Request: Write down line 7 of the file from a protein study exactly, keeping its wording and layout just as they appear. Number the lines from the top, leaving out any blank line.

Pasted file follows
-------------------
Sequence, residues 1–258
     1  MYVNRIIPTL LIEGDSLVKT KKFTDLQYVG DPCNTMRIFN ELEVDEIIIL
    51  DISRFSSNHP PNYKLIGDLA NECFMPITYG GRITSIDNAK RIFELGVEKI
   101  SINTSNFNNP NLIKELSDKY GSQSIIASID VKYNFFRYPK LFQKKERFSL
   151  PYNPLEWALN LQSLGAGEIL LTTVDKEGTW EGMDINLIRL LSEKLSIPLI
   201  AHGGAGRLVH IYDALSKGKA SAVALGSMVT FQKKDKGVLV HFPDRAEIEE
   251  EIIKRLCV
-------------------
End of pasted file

   251  EIIKRLCV